Given a point Z and an inversion circle

with center at point Q and radius

, consider the following construction to obtain the inverse Z' of Z in

. Draw the circle centered at Z passing through Q; let it intersect

at points A and B. Draw two circles

and

centered at A and B both passing through Q. Their second point of intersection is the inverse of Z in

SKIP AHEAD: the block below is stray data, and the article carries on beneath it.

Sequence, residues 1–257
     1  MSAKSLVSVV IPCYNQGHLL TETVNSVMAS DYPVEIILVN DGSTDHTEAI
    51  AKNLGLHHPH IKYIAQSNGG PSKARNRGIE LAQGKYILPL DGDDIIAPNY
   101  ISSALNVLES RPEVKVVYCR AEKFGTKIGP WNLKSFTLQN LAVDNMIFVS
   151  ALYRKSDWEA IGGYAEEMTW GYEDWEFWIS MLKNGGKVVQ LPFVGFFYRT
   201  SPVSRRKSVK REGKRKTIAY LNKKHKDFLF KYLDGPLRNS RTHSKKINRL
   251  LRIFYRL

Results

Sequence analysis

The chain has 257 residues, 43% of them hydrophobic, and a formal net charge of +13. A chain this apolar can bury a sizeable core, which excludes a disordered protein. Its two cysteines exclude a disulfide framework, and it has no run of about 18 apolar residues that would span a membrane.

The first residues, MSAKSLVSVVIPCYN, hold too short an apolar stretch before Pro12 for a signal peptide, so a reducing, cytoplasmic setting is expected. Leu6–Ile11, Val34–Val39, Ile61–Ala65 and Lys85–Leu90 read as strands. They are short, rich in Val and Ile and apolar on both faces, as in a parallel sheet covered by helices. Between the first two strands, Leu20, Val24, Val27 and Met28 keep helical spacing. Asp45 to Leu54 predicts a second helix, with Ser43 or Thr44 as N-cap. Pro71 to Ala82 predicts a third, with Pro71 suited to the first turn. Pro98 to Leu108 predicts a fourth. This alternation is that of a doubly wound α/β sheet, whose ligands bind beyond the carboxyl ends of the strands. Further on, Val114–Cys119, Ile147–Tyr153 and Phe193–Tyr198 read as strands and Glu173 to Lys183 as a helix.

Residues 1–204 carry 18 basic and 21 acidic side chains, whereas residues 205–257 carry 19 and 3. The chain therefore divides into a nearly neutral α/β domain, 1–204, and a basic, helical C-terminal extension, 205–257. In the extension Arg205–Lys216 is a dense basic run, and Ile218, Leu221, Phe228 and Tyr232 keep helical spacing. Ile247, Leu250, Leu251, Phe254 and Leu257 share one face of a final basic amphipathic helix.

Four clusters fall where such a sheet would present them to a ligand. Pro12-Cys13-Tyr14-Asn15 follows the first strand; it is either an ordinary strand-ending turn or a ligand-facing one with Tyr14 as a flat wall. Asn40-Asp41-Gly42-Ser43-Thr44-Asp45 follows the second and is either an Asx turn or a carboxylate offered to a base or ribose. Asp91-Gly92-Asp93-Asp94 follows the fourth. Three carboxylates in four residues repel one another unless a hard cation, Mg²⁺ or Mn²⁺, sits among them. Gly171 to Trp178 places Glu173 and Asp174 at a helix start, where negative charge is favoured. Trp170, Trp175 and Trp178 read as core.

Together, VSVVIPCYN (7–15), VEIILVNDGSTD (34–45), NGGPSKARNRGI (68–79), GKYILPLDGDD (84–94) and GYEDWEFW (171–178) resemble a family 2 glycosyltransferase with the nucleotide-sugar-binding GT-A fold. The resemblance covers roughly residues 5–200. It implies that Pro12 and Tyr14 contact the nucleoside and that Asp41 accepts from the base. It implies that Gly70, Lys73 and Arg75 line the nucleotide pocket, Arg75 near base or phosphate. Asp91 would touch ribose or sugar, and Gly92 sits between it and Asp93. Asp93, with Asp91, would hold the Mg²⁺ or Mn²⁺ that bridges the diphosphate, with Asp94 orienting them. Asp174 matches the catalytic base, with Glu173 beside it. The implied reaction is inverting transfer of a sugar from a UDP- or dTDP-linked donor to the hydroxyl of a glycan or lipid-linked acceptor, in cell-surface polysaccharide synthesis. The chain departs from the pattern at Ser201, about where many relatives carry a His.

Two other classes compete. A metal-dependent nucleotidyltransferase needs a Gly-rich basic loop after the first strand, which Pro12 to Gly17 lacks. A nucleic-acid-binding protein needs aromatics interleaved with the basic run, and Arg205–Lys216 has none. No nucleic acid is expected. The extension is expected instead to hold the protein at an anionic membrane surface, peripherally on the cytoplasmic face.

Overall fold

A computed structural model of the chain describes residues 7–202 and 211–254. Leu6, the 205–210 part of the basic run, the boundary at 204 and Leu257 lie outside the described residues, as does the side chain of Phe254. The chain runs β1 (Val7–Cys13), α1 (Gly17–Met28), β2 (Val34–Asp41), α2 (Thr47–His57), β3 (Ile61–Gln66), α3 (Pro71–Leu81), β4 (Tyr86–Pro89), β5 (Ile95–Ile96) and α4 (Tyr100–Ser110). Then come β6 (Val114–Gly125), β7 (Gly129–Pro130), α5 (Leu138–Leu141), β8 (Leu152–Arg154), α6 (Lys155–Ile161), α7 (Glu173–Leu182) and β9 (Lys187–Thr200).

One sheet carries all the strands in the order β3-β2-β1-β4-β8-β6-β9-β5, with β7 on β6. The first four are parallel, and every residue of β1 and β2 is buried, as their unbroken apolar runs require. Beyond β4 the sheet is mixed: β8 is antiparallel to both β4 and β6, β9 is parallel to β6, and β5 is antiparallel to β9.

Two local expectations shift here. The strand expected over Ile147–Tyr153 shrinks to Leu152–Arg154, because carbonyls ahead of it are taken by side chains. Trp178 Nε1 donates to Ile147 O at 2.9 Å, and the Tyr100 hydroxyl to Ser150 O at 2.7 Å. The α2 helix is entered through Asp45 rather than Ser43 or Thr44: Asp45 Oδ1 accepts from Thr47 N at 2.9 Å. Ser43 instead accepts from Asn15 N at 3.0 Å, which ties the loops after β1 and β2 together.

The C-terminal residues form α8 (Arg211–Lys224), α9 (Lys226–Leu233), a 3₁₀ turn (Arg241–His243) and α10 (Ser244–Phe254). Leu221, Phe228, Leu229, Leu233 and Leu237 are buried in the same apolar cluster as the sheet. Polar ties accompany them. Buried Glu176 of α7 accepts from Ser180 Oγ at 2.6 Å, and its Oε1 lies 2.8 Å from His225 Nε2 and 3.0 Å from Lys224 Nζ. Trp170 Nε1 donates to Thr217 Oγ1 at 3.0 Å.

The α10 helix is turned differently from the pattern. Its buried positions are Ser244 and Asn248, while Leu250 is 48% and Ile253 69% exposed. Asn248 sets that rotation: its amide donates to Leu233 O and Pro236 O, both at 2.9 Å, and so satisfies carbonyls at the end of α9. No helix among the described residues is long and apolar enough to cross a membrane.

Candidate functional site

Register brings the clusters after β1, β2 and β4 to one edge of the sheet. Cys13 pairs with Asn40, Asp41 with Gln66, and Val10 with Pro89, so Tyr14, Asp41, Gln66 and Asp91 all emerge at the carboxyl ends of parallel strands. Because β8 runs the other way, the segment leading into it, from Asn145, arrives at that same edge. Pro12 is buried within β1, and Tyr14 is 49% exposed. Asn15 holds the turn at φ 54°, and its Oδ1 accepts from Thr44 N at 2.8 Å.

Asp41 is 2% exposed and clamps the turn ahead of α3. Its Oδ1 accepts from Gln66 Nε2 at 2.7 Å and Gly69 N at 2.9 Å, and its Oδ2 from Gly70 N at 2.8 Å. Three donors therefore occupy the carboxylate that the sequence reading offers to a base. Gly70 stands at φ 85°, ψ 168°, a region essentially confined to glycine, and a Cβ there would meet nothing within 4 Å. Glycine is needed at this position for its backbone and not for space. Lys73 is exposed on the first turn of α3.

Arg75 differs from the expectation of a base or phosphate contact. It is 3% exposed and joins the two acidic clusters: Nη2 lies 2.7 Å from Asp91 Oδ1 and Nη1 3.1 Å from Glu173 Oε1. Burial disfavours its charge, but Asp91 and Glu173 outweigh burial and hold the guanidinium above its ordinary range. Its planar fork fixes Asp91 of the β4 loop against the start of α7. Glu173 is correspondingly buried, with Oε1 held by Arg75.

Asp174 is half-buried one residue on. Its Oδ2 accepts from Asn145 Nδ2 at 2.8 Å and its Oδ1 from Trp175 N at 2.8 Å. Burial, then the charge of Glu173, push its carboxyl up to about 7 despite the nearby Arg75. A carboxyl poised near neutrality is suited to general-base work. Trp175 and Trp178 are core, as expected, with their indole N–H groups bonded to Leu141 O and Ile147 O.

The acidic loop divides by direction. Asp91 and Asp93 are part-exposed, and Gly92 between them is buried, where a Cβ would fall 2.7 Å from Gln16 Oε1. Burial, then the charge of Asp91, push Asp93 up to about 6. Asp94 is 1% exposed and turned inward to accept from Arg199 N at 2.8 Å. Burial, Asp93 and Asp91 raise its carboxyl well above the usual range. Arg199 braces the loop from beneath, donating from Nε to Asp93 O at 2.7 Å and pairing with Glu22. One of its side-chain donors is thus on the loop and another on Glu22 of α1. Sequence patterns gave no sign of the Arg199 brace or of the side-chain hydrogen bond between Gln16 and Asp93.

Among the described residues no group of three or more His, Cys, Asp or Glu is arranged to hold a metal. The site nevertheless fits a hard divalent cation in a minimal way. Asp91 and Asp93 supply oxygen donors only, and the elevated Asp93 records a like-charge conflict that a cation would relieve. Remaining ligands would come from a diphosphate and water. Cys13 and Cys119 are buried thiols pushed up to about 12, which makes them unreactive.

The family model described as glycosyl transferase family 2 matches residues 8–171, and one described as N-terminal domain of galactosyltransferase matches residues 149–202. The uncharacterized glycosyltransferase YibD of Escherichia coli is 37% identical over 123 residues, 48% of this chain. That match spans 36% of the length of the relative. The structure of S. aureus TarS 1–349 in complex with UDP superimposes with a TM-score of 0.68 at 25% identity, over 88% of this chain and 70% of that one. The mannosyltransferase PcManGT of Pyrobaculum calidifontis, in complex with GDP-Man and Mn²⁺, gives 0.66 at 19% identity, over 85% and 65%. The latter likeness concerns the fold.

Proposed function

. We justify this by the following reasoning: if we invert

and

in

we obtain (red dotted) lines passing through Z; these lines intersect at

and Z, hence their inverses must intersect at the inverses of

and Z, namely Q and Z'. This Demonstration lets you drag the point Z (red); the construction works for all points Z at a distance from Q greater than

.